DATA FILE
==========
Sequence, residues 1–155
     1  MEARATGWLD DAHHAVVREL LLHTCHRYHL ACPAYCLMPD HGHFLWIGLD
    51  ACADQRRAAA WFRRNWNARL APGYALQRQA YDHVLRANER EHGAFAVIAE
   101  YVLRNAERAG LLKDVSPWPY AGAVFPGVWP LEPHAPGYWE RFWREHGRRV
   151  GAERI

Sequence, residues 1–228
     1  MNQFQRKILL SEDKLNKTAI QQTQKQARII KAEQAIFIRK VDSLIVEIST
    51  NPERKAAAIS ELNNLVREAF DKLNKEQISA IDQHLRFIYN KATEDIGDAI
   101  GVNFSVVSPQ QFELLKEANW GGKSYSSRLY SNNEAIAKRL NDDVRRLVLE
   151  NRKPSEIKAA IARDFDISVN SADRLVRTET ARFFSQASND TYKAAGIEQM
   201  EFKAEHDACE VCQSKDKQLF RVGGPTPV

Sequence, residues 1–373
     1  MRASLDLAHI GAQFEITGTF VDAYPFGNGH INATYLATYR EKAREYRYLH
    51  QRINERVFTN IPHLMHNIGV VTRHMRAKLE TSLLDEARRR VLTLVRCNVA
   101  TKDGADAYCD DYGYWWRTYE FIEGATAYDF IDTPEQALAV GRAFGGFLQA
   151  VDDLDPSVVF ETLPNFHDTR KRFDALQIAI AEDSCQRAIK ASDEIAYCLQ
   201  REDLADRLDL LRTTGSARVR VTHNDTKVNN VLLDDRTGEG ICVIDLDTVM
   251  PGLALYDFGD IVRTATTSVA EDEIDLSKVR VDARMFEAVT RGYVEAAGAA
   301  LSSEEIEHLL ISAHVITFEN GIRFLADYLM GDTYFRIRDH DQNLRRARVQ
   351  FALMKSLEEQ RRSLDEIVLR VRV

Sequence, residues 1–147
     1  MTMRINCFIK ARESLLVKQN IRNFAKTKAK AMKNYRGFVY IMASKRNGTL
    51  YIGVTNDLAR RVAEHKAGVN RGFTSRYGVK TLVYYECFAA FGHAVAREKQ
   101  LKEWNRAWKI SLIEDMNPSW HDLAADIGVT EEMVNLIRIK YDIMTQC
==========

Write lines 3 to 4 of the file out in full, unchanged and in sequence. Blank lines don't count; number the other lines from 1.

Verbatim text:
    51  ACADQRRAAA WFRRNWNARL APGYALQRQA YDHVLRANER EHGAFAVIAE
   101  YVLRNAERAG LLKDVSPWPY AGAVFPGVWP LEPHAPGYWE RFWREHGRRV